Bills' Offensive Line Victims of Running Game Parity
The word "parity" has become synonymous with NFL football these days. Every team in the NFL looks to what makes other teams successful and attempts to copy that approach.
One needs to look no further than the number of teams that use two or more running backs in their ground attack, or the number of teams that use some form of the West Coast Offense, made famous by Bill Walsh and his 49ers. Every team in the NFL molded some facet of its game after another team. How many teams ran a 3-4 defense before Pittsburgh beat the Seahawks with it in Super Bowl XL?
Mike Shanahan is one of the great offensive minds in the history of football, especially when it comes to the running game. Under Shanahan, the Broncos have had a running back accumulate more than 1,000 yards in every season but two—a period dating back to 1995.
Even more amazing is the fact that the last time the Broncos' starting running back was the same as the previous year was in 2002-2003, when Clinton Portis ran wild before being traded to Washington for Champ Bailey.
It's hard to argue that the success of Denver’s running game is based on great scouting and player development; after all, when was the last time you heard about former 1,000-yard Broncos running backs Reuben Droughns, Mike Anderson, or Tatum Bell? So how does Shanahan consistently produce thousand yard rushers?
The answer lies in the offensive line.
The Broncos use a zone blocking scheme, and all of their offensive linemen fit into their roles. Denver relies on light, fast offensive linemen to set up blocks. Using their quickness and agility, they create gaps and holes running backs can easily dart through. The offensive linemen, being smaller, can get farther into the second level to put up blocks on linebackers and safeties, allowing the running back to move deep into the defensive backfield before having any contact with defensive players.
Today, three of five of the Broncos' offensive linemen weigh more than 300 pounds, and as a result they have struggled in the running game. And despite having a great young quarterback in Jay Cutler, they have sluggishly moved to 4-4.
So what does this have to do with the Bills' running game (or lack thereof)? Simple: The Bills use a zone blocking scheme, much like the Broncos. However, they do not have the slim (by offensive lineman standards), quick linemen that Denver boasted while at the height of their running offense success.
Instead, the Bills have built the largest offensive line in the league. Because of this, instead of using quickness and agility to create holes, they get hit and form a wall. Even with talented backs Marshawn Lynch and Fred Jackson, it has proved next to impossible to find holes in an offensive line that has an average height of 6'6" and a combined weight of 1,661 pounds (an average of 332.2 pounds per lineman).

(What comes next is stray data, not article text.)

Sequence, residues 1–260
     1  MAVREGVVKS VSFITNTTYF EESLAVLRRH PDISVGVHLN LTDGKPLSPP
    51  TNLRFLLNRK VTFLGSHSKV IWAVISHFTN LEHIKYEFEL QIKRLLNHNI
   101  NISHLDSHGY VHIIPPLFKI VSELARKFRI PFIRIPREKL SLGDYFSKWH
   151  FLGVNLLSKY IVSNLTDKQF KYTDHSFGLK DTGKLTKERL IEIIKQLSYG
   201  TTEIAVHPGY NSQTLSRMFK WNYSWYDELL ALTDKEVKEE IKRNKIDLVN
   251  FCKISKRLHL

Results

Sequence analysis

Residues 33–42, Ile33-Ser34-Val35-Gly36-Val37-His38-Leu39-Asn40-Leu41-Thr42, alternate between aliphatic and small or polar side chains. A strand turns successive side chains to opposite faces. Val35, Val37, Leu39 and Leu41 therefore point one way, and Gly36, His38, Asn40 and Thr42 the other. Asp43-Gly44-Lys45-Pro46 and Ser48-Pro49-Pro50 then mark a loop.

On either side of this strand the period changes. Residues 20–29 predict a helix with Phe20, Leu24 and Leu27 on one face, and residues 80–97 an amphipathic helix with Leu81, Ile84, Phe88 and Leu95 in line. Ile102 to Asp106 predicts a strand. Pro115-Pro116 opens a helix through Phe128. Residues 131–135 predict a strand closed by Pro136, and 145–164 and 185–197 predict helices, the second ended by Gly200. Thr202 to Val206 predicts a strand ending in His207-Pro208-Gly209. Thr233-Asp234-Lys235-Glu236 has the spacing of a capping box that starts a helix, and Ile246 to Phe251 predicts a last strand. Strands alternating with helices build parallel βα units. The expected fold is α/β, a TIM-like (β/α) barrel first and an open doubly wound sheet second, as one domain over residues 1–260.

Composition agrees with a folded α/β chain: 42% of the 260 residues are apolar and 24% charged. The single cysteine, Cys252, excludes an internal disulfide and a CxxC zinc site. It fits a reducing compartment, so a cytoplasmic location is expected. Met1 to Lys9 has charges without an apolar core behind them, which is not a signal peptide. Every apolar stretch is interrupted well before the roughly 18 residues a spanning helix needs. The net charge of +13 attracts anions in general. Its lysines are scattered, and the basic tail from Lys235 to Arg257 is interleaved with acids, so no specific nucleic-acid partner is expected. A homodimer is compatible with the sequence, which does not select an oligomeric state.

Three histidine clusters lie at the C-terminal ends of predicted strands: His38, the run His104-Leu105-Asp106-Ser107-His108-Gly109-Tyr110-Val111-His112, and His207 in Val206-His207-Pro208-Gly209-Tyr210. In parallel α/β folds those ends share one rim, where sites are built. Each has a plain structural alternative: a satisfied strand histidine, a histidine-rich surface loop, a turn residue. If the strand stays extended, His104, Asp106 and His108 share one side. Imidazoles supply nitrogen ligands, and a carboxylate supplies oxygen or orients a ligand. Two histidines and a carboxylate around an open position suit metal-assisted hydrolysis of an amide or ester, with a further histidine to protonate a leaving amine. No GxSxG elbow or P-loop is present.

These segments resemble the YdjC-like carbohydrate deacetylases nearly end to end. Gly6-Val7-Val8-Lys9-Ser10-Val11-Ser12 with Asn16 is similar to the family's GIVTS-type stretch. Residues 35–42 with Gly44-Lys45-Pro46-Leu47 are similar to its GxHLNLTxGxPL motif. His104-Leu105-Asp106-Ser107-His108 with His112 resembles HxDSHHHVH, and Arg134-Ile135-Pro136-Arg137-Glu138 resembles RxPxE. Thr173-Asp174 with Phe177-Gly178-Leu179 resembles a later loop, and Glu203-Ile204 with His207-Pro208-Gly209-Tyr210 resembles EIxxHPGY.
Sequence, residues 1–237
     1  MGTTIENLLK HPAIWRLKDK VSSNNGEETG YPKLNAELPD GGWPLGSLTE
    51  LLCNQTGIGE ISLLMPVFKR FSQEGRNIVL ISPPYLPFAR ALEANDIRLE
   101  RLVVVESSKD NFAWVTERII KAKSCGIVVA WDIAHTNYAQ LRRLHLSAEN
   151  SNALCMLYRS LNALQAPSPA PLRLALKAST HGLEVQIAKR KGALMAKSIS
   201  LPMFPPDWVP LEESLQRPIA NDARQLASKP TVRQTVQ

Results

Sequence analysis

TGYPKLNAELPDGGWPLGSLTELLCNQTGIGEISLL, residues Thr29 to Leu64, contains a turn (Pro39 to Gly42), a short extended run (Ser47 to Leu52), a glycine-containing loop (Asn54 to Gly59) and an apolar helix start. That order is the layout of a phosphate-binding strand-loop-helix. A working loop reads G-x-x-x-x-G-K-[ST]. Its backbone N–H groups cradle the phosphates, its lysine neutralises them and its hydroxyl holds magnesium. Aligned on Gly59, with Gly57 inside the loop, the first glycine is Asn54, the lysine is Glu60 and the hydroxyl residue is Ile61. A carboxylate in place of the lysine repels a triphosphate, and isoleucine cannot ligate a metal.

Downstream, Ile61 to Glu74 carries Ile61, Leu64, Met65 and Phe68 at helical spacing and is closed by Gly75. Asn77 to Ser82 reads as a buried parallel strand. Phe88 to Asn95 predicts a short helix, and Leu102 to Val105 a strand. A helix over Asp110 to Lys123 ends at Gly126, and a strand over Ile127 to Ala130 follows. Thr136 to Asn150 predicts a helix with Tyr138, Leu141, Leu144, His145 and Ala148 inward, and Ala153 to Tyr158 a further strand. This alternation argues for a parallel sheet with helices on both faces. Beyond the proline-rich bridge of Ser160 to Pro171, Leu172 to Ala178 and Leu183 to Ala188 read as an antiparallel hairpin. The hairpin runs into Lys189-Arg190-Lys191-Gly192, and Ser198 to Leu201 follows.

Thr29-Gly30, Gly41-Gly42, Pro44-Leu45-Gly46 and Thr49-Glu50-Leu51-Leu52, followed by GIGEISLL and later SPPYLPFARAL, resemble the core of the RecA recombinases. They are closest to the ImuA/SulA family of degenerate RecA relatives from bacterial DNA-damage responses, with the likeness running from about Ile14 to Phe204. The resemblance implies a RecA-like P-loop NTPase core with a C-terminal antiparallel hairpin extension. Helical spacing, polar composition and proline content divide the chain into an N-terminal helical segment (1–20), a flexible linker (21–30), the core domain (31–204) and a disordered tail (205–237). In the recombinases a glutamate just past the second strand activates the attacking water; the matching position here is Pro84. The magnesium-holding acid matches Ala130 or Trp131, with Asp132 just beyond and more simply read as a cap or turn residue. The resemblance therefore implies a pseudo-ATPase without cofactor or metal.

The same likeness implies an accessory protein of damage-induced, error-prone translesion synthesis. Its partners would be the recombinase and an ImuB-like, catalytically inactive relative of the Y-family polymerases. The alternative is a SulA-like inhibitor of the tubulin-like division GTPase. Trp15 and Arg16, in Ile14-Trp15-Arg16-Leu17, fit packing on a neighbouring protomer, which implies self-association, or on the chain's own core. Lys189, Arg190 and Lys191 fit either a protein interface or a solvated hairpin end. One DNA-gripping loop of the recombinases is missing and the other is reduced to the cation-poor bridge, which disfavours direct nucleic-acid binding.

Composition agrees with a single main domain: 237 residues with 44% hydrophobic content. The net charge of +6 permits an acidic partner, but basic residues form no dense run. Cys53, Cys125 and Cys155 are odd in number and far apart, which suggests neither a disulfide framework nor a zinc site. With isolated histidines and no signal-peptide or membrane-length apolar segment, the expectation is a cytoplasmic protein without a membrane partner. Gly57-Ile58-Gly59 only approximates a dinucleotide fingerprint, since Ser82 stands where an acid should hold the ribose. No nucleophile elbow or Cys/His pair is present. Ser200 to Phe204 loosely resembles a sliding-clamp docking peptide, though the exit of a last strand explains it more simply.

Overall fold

After all, when you look at the Bills' running game, the backs aren’t getting tackled in the backfield. Instead, they're running for no gain or just a few yards; not enough to make them a serious threat to any defense.
The only time the Bills do have success running the ball is when they run to the outside, away from the offensive line. Even then, though, the offensive linemen aren’t quick enough to get out and put up blocks against the linebackers, a task which is then left up to the receivers, tight ends, and fullback.
When Cato June went into free agency after playing for Indianapolis for the previous four years, the experts and analysts all talked about how important it was for June—and possible suitors—to make sure he would fit into the system of the defense. He chose to go with Tampa Bay—a perfect fit. After all, they ran the same defense in Indianapolis under former Bucs coach Tony Dungy.
June has excelled in Tampa’s defense, which has infused youth (June, Barret Ruud, and Gaines Adams) with veteran experience in players like Derrick Brooks, Ronde Barber, and the underrated Chris Hovan to form one of the best defenses in football today and a prime example of why players must fit your scheme to be successful.
The Bills' offensive line simply doesn’t fit its blocking scheme. So what’s the solution? Building a new offensive line could take many years, and time, as every Bills fan worried about the team's future after Ralph Wilson knows, is not a luxury they have. It would also cost millions of dollars in free agency and through draft picks. Considering the amount of money already paid to bring in studs Derrick Dockery and Langston Walker, the team probably isn’t too keen on rebuilding the line and essentially making all the money a waste.
The easiest solution would be to change the blocking scheme; however, such a change would mean practically a whole new playbook. Not only would the offensive linemen have to learn a new technique and scheme, but the running backs would have to relearn the offense so they know where holes will be and how to attack them.
However, such an undertaking eight weeks into the season probably isn’t advisable, so for this year fans have to hope that the Bills can find some way to run the ball to the outside more, and that Trent Edwards can learn to carry the offense like he did through the first four weeks of the season when the Bills were undefeated. Hopefully for every fan, the scheme will change for next season.
When a new blocking scheme and a rejuvenated rushing attack can combine with the Bills' already potent passing attack and solid defense, the Bills will truly have a shot at the Lombardi Trophy. Until then, I’ll be one of 74,000 fans in Ralph Wilson Stadium for every home game and I'll be watching every road game on TV hoping, praying, and BILLieving that this is our year.
What is the duplicate article?
Why is this article offensive?
Where is this article plagiarized from?
Why is this article poorly edited?